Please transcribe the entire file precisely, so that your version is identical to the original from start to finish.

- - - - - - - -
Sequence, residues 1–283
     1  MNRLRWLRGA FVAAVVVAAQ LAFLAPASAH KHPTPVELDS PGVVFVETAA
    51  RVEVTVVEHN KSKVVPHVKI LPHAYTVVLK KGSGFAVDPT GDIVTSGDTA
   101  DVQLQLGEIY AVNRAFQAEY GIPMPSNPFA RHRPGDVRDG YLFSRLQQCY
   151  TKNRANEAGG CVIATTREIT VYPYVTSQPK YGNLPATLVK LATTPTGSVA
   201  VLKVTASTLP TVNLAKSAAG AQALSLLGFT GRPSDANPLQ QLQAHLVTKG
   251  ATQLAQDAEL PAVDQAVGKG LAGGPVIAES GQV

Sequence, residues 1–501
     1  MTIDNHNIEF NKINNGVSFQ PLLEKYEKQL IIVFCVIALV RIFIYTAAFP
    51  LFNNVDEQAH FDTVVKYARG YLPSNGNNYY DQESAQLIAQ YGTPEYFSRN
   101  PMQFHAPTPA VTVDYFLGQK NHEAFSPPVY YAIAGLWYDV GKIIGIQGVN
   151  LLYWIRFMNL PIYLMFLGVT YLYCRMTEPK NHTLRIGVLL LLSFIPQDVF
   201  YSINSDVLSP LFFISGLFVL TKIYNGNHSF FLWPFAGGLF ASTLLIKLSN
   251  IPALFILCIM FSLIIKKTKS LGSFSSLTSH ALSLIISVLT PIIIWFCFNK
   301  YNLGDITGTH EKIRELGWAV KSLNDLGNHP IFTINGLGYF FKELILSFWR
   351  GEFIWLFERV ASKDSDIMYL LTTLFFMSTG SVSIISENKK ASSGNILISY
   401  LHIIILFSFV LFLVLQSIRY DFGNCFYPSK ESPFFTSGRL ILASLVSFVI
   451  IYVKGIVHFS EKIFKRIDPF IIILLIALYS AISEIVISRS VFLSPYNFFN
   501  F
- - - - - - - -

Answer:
Sequence, residues 1–283
     1  MNRLRWLRGA FVAAVVVAAQ LAFLAPASAH KHPTPVELDS PGVVFVETAA
    51  RVEVTVVEHN KSKVVPHVKI LPHAYTVVLK KGSGFAVDPT GDIVTSGDTA
   101  DVQLQLGEIY AVNRAFQAEY GIPMPSNPFA RHRPGDVRDG YLFSRLQQCY
   151  TKNRANEAGG CVIATTREIT VYPYVTSQPK YGNLPATLVK LATTPTGSVA
   201  VLKVTASTLP TVNLAKSAAG AQALSLLGFT GRPSDANPLQ QLQAHLVTKG
   251  ATQLAQDAEL PAVDQAVGKG LAGGPVIAES GQV

Sequence, residues 1–501
     1  MTIDNHNIEF NKINNGVSFQ PLLEKYEKQL IIVFCVIALV RIFIYTAAFP
    51  LFNNVDEQAH FDTVVKYARG YLPSNGNNYY DQESAQLIAQ YGTPEYFSRN
   101  PMQFHAPTPA VTVDYFLGQK NHEAFSPPVY YAIAGLWYDV GKIIGIQGVN
   151  LLYWIRFMNL PIYLMFLGVT YLYCRMTEPK NHTLRIGVLL LLSFIPQDVF
   201  YSINSDVLSP LFFISGLFVL TKIYNGNHSF FLWPFAGGLF ASTLLIKLSN
   251  IPALFILCIM FSLIIKKTKS LGSFSSLTSH ALSLIISVLT PIIIWFCFNK
   301  YNLGDITGTH EKIRELGWAV KSLNDLGNHP IFTINGLGYF FKELILSFWR
   351  GEFIWLFERV ASKDSDIMYL LTTLFFMSTG SVSIISENKK ASSGNILISY
   401  LHIIILFSFV LFLVLQSIRY DFGNCFYPSK ESPFFTSGRL ILASLVSFVI
   451  IYVKGIVHFS EKIFKRIDPF IIILLIALYS AISEIVISRS VFLSPYNFFN
   501  F